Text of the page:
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Plugged In

J.J. Abrams ‘emotionally hurt’ by Star Trek video game

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Not a prosperous relationship (Credit: Getty Images/Namco Bandai)

You don't have to look too far past the Metacritic scores to know that this year's Star Trek game was a disaster. Critics decimated it and gamers largely avoided it, shaking their heads sadly and moving on to the next game, never giving the messy movie tie-in a second thought.

For "Star Trek" movie director J.J. Abrams, though, it's a little harder to get over.

"[It] was obviously a big disappointment to me," Abrams told GamerHub. "We were actually involved from the very beginning and then we sort of realized that it was not going in a place where we were going to get what we wanted, so we dropped out and they continued to do it despite... y'know."

The early footage of Star Trek was actually pretty exciting. The game’s Kirk/Spock co-operative setup pleased fans, while the Gorn, re-imagined as terrifying dinosaur creatures, were intimidating enough to help the game earn five "Best of E3" awards in 2011 from organizations such as Official Xbox Magazine and Electric Playground.

From there, however, things got muddled.

The developer has said that heaping doses of film studio involvement in the ensuing months and years took a toll on the game, but Abrams pins the blame on Digital Extremes and Namco Bandai.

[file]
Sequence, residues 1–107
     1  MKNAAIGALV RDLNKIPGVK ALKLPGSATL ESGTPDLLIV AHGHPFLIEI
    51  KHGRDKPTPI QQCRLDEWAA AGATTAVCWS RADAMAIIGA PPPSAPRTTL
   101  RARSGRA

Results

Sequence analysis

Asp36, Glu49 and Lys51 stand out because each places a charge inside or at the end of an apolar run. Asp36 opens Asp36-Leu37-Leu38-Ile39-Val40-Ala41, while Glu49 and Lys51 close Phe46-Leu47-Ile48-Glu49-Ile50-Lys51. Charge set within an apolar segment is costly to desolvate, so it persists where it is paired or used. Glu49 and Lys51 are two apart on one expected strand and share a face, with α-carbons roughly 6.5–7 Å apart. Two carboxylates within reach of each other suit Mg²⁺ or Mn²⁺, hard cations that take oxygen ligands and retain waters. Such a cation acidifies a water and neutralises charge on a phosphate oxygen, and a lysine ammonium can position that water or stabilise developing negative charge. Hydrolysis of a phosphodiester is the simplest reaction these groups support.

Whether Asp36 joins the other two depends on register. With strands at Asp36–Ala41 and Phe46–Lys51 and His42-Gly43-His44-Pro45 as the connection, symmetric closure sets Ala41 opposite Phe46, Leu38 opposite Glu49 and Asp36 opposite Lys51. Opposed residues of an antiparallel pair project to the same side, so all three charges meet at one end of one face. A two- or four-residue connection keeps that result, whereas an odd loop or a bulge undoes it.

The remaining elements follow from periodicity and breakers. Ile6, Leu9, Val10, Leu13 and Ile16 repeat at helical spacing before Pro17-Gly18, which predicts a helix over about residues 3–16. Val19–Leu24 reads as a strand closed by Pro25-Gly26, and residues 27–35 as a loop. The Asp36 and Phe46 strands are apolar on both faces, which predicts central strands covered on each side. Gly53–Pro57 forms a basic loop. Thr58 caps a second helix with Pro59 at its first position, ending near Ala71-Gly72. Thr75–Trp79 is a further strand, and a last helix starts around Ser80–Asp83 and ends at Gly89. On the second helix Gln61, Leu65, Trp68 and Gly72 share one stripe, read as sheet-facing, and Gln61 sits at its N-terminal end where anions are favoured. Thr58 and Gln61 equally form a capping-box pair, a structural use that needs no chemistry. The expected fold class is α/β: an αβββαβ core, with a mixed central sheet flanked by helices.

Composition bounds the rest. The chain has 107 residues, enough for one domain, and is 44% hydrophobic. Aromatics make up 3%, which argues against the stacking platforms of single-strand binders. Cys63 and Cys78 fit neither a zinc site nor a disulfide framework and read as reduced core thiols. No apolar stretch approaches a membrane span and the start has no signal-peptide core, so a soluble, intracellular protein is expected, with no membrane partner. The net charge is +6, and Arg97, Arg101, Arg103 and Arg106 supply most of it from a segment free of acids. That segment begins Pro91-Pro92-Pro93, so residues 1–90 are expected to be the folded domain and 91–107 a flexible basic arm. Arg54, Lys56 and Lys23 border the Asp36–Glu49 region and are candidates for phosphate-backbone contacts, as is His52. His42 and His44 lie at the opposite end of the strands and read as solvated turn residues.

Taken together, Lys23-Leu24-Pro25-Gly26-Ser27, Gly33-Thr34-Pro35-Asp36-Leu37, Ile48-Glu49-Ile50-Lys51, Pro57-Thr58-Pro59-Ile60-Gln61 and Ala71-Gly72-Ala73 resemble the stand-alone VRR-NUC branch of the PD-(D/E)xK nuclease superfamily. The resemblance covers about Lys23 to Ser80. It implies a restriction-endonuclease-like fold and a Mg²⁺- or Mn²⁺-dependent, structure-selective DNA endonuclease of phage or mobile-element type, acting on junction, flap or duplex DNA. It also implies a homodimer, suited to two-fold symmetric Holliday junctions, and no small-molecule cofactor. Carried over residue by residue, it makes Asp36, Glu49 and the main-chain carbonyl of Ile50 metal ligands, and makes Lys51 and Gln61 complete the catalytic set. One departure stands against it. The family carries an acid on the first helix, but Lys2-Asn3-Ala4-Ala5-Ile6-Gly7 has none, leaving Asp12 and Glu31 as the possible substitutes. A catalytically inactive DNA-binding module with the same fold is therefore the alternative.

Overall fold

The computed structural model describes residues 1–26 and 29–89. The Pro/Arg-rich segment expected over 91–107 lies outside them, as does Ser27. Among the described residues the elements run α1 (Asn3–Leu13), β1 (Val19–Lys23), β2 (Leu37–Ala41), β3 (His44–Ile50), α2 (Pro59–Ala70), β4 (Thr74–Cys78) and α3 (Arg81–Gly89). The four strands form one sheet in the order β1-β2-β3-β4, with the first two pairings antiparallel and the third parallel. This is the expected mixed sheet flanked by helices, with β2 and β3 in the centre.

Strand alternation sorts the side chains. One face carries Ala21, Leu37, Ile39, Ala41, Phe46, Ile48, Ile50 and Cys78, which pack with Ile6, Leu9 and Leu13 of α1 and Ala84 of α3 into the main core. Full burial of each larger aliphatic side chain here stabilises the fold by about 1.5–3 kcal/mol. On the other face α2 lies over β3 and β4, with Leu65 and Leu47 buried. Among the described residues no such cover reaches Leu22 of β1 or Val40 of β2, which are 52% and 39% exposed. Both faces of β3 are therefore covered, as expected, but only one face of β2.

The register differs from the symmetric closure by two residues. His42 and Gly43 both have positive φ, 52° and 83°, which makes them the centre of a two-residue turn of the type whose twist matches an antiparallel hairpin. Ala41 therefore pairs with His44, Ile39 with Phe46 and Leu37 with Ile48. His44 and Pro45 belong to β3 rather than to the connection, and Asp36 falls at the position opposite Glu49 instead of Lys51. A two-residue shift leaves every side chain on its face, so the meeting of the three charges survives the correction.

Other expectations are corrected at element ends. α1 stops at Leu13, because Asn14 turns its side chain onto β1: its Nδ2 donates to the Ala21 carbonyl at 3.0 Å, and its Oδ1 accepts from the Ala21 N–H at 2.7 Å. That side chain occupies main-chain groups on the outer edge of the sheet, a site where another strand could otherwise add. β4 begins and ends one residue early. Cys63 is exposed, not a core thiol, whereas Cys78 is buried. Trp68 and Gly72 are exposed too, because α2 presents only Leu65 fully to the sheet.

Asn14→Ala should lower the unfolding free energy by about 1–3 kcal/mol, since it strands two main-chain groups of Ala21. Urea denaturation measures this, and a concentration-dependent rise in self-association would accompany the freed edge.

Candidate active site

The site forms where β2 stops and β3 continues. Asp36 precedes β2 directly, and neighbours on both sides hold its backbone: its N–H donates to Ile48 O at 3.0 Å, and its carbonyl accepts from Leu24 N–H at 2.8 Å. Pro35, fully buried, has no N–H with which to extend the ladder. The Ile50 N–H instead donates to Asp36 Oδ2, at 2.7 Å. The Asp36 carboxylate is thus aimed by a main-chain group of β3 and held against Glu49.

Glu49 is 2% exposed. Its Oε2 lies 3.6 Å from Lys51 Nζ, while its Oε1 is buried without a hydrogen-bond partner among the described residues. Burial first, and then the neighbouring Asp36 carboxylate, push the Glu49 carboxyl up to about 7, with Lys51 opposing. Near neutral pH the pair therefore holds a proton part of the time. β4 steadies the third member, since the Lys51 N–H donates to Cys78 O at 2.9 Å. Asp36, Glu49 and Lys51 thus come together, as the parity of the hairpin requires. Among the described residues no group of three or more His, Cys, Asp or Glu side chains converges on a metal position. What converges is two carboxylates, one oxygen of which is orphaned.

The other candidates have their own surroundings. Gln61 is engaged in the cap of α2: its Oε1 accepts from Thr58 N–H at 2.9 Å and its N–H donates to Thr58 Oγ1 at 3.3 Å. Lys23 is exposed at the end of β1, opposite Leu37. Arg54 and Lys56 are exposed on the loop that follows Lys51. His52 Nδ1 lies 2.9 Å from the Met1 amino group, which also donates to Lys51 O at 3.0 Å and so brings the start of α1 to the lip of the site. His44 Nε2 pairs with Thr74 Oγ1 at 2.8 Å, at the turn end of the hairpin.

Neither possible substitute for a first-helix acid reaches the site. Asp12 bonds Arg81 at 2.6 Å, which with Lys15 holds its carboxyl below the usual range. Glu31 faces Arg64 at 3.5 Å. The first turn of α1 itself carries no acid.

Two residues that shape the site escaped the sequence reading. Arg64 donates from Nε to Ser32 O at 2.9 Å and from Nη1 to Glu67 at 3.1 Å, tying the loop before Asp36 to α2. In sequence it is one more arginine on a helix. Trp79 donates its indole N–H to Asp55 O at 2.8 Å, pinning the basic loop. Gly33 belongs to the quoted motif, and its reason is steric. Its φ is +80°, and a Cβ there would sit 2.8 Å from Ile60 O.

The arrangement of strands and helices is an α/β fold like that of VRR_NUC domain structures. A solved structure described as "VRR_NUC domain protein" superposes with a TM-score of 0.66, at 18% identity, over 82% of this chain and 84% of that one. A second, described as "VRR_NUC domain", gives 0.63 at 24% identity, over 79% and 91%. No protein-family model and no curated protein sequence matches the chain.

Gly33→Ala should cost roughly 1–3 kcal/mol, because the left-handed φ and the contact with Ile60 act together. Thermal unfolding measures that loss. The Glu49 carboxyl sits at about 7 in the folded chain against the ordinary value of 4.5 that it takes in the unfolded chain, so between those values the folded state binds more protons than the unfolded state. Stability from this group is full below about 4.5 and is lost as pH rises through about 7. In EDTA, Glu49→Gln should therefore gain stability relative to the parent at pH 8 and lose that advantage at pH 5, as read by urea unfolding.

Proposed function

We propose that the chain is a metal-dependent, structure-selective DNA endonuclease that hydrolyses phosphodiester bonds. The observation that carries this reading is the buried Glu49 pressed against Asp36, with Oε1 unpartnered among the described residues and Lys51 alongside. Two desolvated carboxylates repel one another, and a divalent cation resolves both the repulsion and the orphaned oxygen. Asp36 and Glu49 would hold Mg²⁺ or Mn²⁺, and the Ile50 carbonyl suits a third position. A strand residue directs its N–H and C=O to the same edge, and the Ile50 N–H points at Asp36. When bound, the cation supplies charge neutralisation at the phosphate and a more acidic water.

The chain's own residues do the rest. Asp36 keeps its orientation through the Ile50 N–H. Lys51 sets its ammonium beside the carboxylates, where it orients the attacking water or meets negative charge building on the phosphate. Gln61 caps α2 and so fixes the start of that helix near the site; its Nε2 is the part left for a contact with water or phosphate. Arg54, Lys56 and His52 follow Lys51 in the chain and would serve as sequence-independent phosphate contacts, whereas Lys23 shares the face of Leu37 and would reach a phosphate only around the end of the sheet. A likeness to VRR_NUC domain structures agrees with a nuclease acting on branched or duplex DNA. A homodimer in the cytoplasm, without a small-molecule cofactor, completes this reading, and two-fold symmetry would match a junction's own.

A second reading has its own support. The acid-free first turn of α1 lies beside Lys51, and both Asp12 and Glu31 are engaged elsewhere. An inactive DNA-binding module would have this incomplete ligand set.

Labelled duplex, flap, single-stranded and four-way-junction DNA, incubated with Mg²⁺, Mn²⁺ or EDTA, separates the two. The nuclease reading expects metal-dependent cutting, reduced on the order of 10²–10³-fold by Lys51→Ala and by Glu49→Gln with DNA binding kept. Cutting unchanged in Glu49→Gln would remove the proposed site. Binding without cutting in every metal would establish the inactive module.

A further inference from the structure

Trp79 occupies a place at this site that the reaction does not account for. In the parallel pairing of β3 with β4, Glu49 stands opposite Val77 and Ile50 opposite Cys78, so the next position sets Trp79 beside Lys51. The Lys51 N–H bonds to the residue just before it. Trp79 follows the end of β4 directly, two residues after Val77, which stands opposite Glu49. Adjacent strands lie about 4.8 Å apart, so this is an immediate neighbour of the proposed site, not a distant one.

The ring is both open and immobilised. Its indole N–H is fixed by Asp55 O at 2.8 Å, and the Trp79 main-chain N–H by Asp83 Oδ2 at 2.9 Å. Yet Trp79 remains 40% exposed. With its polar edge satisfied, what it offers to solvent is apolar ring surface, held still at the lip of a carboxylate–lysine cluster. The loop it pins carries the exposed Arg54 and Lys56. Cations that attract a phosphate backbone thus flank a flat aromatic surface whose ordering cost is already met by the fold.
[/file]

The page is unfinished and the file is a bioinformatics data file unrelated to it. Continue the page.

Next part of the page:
Abrams says he initially worked with the developer, but pulled out after deciding that the final product wasn’t going to be up to snuff. He even goes so far as to suggest that the game's negative reviews worked against the film, which did well at the box office, but not spectacularly.

"For me emotionally it hurt, 'cos we were working our asses off making the movie and then this game came out and it got, this isn't even my opinion, it got universally panned and I think that it was something without question that didn't help the movie and arguably hurt it," he says.

Abrams notes that the curse of video game tie-ins to films is a very real one.

"I think the thing that we all know, anyone who loves video games and loves movies… very, very rarely does a movie based on a game, or a game based on a movie, really work," he added. "It usually ends up being something that everyone who goes to see or goes to play feels like this was a marketing decision made by a room full of people who wanted to capitalize on a title. That's no way to make a game and no way to make a movie."

Abrams will be taking his own advice soon enough. In February, Abrams and Valve's Gabe Newell announced they were working together on Half-Life and Portal products, though they were deliberately vague as to whether these were games or movies. The two are also working together on a new, unannounced game.

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